The Senate Republican caucus may act to distance itself from John McCain when he returns to Washington next week to vote on a series of bills intended to highlight his record as the real agent of change in this election. On one of these stands, however, the GOP caucus will make itself look ridiculous. McCain wants to vote with Jim DeMint to impose a one-year moratorium on earmarks — and Roll Call reports that the Republicans don’t want any part of that liberal nonsense:
The first test of whether the GOP Conference — and particularly its leadership — are in lock step with McCain could come as early as next week, when the chamber is expected to consider a one-year moratorium on earmarks during the budget debate. The amendment, sponsored by Sen. Jim DeMint (R-S.C.) and endorsed by McCain, has garnered little support from rank-and-file Republicans, particularly the party’s “Old Bulls,” who have mounted a defense of earmarks in recent weeks.
DeMint said on Tuesday that he hoped to set a vote for the amendment during a time when McCain can be there. “Obviously, this is his baby and I consider him the champion of this,” DeMint said. …
According to one senior GOP aide, despite the desire to unite around McCain, his positions on several big-ticket issues likely will mean the Conference will not find common ground with their nominee.
“We’re not going to back him on earmarks, or on climate change, or on immigration,” the aide said. … Senate Republican Conference Chairman Lamar Alexander (Tenn.), who touted McCain’s positions on fiscal responsibility, climate change and immigration as a key to his ability to reach independent voters, acknowledged that those votes will put him in conflict with the GOP [emphasis mine — Ed]. “There will be some [conflict],” Alexander said Tuesday, noting that while “I’ve supported others in this primary contest, I’m very comfortable with Sen. McCain” as the nominee.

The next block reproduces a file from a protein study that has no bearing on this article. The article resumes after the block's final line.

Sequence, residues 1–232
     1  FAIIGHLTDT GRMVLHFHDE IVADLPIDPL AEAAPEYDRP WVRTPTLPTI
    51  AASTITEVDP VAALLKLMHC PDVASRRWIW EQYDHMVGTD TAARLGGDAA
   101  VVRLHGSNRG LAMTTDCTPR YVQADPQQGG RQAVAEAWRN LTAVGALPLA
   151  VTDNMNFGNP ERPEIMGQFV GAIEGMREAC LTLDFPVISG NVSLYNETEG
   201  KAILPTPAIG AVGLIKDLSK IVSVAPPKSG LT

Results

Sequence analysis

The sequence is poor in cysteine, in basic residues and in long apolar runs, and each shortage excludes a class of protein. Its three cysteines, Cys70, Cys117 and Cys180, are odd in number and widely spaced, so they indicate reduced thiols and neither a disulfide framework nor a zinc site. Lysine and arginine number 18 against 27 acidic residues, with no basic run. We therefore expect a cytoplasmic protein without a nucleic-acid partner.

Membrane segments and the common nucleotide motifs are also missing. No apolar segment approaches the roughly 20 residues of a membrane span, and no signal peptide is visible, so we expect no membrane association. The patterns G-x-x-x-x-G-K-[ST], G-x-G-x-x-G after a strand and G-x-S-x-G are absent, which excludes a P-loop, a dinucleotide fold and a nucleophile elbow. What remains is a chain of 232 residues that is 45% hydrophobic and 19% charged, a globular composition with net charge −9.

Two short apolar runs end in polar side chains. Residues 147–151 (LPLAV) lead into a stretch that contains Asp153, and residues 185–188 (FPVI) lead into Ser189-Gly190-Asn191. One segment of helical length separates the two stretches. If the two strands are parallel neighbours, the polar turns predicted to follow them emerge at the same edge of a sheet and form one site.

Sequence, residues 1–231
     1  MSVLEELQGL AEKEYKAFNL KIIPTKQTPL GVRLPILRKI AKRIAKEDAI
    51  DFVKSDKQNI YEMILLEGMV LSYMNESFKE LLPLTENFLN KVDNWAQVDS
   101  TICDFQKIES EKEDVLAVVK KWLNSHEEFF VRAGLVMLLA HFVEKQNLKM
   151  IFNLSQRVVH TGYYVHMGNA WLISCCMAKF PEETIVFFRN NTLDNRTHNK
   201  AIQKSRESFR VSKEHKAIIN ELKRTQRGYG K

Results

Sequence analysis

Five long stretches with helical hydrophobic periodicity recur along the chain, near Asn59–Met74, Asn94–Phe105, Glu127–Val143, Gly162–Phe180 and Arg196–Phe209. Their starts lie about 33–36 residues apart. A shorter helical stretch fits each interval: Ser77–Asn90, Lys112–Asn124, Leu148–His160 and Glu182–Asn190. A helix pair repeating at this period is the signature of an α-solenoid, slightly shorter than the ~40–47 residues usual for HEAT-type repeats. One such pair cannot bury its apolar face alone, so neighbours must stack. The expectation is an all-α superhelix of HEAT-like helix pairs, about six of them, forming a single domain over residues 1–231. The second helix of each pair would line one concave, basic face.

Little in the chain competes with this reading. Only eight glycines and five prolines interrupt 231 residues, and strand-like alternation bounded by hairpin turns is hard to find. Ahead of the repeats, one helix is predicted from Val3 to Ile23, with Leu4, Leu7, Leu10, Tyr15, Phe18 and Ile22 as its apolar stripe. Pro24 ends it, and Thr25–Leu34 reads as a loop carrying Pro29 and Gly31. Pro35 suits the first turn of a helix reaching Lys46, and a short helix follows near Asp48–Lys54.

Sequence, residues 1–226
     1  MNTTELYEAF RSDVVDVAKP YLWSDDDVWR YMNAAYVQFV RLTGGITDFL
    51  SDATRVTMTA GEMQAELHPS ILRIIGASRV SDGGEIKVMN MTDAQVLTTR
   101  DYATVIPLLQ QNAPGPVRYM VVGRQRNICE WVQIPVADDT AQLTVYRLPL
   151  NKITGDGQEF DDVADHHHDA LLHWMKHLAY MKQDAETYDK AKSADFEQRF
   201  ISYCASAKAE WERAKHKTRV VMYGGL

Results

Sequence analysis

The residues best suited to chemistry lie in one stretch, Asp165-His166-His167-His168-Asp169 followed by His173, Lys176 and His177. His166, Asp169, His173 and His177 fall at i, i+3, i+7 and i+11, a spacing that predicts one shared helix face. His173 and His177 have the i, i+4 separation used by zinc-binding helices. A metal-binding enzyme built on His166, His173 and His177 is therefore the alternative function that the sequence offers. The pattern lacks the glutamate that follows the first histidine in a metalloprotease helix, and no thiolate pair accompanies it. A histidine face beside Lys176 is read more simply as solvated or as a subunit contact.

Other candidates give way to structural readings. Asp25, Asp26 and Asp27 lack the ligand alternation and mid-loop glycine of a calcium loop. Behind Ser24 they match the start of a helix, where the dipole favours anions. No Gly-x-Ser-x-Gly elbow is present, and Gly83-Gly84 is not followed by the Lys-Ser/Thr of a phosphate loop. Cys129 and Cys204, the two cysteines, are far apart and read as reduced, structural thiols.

We have reached a sad state of affairs when the Republican caucus leadership can make a statement like this. A vote for fiscal responsibility will put McCain in conflict with the GOP? The party won’t back McCain on earmarks, even though his improbable come-from-behind victory for the party’s nomination shows exactly how seriously the Republican voters take fiscal responsibility, transparency, and accountability?
This shows the deafness that comes from living within the Beltway for too long. If the Republicans didn’t lose in 2006 because of Iraq, nor because of profligate spending, nor because of corruption generated from the nexus of political contributions and earmarking, exactly why do these geniuses think they’re in the minority? Misaligned stars in the firmament? Not only did the voters send a message on corruption, they had it delivered by FedEx with two signatures and a return receipt. Yet the survivors of 2006 somehow think that fiscal responsibility doesn’t matter.
What’s most frustrating is that Democrats have dropped the ball on this issue. They broke their vaunted ethics rules on earmarking literally at the first opportunity to do so in 2007, dropping over 11,000 earmarks into 2008’s appropriations, mostly via air-dropped conference report pork. They want to spend perhaps as much as $300 billion a year more in 2009 and beyond. Only an opposition party firmly and overtly committed to fiscal responsibility can prevail against the party who offers costly and damaging wealth-redistribution programs, and the corrupting and encroaching increase in federal control over American lives.
Instead of finding ways to pick fights with John McCain, perhaps the Senate and House GOP caucuses ought to try listening — not just to McCain, but also to the message voters have been trying to deliver for two years.